So I said that [to know who was likely behind Kiboko squad] you had to study which group of people in Uganda fights using sticks. I stopped at that. I did not draw any conclusion but the audience replied, “Pastoralists and Bahima”.

After my presentation, at around 6:45p.m., I left the station. Little did I know that military men had been deployed outside the station.

Arrested again
As I was getting out of Simba, two huge fellows armed with guns, not in uniform, approached me from the back and said, “You are under arrest.”

I never wanted to give them a reason to beat me so I said, “okay I am here”. I did not even ask them why they were arresting me.
I was taken out only to see a heavy deployment by the military and police. I was taken to a waiting 999 police patrol truck where I sat in front with two cars one in front and another behind as we drove to Kampala Central Police Station (CPS).

I kept quiet but my phone was ringing. I think the radio had already announced that I was under arrest. I think relatives and friends were calling me. I wanted to pick it but a man grabbed it. We reached CPS at around 7p.m. and I was taken to the office of the regional CID boss, one Muhammad, who asked me in Luganda to explain the manner of my arrest.

CPS cells
After I had explained, he took me to CPS cells. I knew Serunjoji had been arrested, so on the way I asked this man to call for me Serunjoji.
Sserunjoji came and took me to a room where I joined colleagues, Jethro, [John Mary] Ssebuwufu and Kasozi. There were about 20 people. It was fun, like a party or reunion. Kasozi gave me a pillow and a small mattress to sleep on.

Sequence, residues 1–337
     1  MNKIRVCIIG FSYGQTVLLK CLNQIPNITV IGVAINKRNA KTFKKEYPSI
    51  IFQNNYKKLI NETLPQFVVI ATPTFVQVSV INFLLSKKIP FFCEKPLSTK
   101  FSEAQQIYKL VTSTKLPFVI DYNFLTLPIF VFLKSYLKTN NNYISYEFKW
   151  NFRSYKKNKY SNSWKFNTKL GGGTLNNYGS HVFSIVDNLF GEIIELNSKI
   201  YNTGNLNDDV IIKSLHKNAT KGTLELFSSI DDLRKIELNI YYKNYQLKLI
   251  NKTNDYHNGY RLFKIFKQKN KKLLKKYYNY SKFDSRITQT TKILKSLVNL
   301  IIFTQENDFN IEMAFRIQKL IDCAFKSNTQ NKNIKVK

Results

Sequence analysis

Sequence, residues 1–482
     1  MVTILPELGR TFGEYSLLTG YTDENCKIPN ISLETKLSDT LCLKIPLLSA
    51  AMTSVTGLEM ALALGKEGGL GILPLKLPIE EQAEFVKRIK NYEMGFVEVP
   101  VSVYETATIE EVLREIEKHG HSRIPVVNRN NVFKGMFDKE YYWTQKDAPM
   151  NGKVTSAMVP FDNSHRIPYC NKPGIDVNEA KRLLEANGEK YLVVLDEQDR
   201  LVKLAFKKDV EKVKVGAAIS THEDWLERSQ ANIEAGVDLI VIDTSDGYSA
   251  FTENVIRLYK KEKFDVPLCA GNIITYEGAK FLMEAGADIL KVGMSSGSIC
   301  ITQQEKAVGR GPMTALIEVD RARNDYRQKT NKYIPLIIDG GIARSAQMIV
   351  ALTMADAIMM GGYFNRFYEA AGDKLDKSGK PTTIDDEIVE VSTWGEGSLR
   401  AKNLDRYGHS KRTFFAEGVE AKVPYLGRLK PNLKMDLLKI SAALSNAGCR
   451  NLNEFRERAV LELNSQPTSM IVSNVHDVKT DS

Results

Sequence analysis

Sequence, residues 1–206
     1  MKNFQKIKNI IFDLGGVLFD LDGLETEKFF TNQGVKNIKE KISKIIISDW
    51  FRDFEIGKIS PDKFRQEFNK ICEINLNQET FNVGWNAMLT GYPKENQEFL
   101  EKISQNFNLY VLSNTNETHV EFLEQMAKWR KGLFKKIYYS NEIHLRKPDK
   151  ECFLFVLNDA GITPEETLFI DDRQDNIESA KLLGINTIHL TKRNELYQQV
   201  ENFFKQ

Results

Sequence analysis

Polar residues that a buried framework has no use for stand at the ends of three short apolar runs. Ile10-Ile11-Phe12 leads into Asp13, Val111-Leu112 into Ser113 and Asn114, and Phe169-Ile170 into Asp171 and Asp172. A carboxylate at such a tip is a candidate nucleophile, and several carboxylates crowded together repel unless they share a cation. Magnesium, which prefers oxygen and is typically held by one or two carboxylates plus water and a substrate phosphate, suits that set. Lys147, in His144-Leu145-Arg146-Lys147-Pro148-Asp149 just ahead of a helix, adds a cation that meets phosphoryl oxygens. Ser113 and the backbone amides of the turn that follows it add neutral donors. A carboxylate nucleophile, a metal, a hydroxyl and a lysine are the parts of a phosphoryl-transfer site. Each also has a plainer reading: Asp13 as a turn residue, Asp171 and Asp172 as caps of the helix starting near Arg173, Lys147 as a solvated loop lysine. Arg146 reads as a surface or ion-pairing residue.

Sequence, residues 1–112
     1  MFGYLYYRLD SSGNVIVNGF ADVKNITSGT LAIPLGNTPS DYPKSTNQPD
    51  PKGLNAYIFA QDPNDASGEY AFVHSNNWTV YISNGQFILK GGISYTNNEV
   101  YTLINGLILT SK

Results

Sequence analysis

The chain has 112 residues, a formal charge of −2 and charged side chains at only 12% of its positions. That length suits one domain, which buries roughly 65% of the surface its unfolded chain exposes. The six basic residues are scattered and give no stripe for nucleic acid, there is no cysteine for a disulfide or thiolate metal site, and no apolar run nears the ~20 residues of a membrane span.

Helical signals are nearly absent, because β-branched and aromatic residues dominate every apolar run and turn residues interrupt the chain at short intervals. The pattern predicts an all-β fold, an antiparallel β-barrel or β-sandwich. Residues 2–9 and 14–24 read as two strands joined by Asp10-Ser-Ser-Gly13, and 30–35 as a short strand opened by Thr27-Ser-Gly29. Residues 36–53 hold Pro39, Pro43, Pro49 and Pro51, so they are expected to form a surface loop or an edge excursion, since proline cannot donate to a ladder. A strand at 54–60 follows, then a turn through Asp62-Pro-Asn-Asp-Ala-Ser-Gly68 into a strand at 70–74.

On Monday, I was called to make a statement. There was a poster in Kampala named Mabira murder [showing bodies of two men who had been shot dead during the demonstration].

The poster also likened President Museveni to fallen dictator Idi Amin. They accused me of being behind it. I did not have any knowledge of it.

In the evening, at 4:30p.m., [A police official came down with] a list calling the other 11 people - the Kasozis and Sserunjojis, to go to Buganda Road Court, except me and Jethro. They protested, “No we are not leaving Muwanga, he is part of us”.

They allowed us to go but as we were entering the court, they retained me. Somebody warned me against resisting, that they were looking for an excuse to beat me up. So I was taken back to prison with Jethro. Of course that was a setback, we had been 11 but now we were two.

Besigye aide
Good enough, that evening they brought in Sam Mugumya, the personal assistant to Dr. Besigye, and [Issa] Sekidde from Ndeeba.